And in the system I advocate, you could say that, while in the system you defend, you cannot. Or you can, but it wont fly, of course. Find a way to refuse (difficult in europe, where the money is nearly always taxed before you get it) and you will eventually see why we say the power of the state grows out of the barrel of the gun.
I think the problem is that you have a world view conflict here:
Libertarians tend to view taxes as armed robbery.
Statists tend to view taxes as paying the bills of society.
Most libertarians wouldn't think taking a pair of shoes from a store without paying for it was just or reasonable, but when it comes to paying the bills for society, it suddenly becomes just and reasonable to take without paying. Most often this double-standard is explained by claiming that society's bills are unjust or immoral (sometimes they legitimately are). Libertarians may dismiss the bills as incurred by "parasites" who feed off of the "good" people. Most often, this is a failure to understand that the majority of people maintain a difference of opinion on what a legitimate expense for the state is.
Europeans, for example, seem to believe that making sure people don't starve is a fundamental duty of the state. This may seem insane to most libertarians, you're taking money from good people and giving it to people who can't even feed themselves. However, Europeans think they have good reasons to believe that is a legitimate expense. Consider for a moment that they have a longer history than America has, and it has been filled with more famines, wars and death than most Americans are even going to be aware of. For instance, France knows what happens when too many people are left to go hungry. I'm sure their neighbours have learned equally costly lessons. Thus is they believe that it is the duty of the state to maintain a stable society, and that a stable society is fundamental to having a prosperous society, then it clearly must be a duty of the state to feed the people (at least to some minimum extent).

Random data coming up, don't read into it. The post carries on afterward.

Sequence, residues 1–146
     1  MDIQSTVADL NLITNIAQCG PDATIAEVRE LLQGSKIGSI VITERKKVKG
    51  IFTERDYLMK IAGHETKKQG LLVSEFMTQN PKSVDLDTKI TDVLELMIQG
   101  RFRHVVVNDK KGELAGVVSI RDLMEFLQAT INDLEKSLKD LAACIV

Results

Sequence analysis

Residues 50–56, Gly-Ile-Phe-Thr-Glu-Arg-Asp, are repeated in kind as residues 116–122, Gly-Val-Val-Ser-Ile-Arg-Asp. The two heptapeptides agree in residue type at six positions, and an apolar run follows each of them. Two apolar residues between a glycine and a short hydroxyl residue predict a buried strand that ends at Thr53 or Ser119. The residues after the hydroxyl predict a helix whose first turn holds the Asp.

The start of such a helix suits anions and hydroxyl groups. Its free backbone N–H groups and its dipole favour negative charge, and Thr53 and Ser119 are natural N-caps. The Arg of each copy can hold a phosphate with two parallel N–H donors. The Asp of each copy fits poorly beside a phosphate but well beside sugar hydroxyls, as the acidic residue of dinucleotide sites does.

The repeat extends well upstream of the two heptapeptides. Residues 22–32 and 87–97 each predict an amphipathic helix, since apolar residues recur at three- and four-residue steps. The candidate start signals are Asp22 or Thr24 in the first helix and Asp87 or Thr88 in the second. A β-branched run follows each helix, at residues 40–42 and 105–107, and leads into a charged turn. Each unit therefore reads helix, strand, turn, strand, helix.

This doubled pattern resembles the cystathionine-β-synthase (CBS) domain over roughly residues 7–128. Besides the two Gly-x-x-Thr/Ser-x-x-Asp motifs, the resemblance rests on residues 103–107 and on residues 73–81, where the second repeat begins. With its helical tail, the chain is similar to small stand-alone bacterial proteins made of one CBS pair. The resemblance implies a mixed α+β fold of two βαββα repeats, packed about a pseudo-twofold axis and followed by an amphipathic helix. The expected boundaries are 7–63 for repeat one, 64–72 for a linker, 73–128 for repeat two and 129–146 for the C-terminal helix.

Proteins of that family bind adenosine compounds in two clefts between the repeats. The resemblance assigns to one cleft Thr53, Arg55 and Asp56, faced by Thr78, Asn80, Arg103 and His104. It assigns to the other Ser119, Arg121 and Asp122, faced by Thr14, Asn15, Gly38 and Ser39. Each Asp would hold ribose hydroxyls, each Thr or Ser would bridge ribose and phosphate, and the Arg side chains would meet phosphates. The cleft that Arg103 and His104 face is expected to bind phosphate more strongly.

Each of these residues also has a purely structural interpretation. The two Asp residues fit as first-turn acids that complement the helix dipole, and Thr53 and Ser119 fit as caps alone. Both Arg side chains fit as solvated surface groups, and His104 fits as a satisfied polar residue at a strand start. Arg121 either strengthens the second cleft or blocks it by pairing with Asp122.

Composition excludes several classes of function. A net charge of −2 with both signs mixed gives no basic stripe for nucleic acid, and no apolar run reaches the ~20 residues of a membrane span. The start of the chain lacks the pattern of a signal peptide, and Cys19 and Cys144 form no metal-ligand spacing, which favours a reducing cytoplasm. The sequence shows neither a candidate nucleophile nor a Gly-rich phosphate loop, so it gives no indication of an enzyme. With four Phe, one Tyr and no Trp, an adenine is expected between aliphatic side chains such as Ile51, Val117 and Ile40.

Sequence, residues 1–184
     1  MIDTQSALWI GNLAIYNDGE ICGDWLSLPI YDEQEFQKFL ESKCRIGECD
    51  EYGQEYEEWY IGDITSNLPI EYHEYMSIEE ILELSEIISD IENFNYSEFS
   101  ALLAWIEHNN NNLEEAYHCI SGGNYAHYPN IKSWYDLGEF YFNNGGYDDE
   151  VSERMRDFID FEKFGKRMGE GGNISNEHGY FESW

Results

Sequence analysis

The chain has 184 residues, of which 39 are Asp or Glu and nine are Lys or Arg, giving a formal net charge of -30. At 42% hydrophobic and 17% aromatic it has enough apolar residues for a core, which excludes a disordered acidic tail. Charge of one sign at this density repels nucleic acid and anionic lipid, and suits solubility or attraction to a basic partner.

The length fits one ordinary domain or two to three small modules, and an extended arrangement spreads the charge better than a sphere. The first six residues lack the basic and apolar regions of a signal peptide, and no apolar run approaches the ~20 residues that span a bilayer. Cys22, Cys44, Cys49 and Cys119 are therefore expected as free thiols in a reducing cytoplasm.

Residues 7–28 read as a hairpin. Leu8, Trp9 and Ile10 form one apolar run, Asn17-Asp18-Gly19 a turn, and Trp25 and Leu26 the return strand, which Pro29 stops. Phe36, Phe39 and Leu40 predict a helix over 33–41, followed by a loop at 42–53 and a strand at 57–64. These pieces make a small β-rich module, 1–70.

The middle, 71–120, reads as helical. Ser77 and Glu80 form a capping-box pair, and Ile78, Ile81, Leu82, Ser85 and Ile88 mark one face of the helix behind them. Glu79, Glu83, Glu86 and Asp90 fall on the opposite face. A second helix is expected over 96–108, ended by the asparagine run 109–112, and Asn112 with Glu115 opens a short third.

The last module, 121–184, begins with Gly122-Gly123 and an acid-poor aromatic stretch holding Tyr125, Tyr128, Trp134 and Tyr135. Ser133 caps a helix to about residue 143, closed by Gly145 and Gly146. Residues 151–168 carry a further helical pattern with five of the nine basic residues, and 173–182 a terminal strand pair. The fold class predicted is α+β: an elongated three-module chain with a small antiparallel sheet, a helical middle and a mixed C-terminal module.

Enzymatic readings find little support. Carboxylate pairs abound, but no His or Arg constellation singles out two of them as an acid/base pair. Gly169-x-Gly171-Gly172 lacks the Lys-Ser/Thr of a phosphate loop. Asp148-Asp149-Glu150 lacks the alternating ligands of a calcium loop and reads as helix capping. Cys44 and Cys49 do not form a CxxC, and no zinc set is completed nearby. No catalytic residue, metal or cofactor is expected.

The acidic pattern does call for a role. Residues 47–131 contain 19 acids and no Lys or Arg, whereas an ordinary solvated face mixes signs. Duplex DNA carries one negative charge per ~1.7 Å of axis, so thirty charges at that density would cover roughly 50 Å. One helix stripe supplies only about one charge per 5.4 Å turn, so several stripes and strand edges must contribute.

On the otherhand, I do understand the Libertarian argument that you're taking the fruits of someone's labour to pay for society. But I fail to see how it's any different than paying any other shareholder his fair share of the profits. It is at least as legitimate to look at taxes as simply the cost of a prosperous society. The libertarian argument that it is forced through the barrel of gun fails for me, because the payment of any bill is ultimately enforced through the barrel of a gun. If you take things, like the before mentioned shoes, and refuse to pay for them, you will go to jail. Only the anarchists who dispute the very idea that property can be owned can use that argument and remain self-consistent.